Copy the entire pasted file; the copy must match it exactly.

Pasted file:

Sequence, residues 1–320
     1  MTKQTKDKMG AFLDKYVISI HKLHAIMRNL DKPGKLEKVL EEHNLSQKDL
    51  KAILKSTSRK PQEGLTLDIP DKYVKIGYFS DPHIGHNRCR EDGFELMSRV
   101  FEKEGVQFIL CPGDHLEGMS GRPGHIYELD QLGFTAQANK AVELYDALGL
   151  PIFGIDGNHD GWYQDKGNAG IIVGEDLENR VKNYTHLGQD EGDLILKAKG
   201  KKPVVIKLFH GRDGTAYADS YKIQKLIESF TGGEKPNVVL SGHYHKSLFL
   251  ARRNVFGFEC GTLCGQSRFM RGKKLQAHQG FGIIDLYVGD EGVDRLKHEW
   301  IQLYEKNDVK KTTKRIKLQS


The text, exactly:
Sequence, residues 1–320
     1  MTKQTKDKMG AFLDKYVISI HKLHAIMRNL DKPGKLEKVL EEHNLSQKDL
    51  KAILKSTSRK PQEGLTLDIP DKYVKIGYFS DPHIGHNRCR EDGFELMSRV
   101  FEKEGVQFIL CPGDHLEGMS GRPGHIYELD QLGFTAQANK AVELYDALGL
   151  PIFGIDGNHD GWYQDKGNAG IIVGEDLENR VKNYTHLGQD EGDLILKAKG
   201  KKPVVIKLFH GRDGTAYADS YKIQKLIESF TGGEKPNVVL SGHYHKSLFL
   251  ARRNVFGFEC GTLCGQSRFM RGKKLQAHQG FGIIDLYVGD EGVDRLKHEW
   301  IQLYEKNDVK KTTKRIKLQS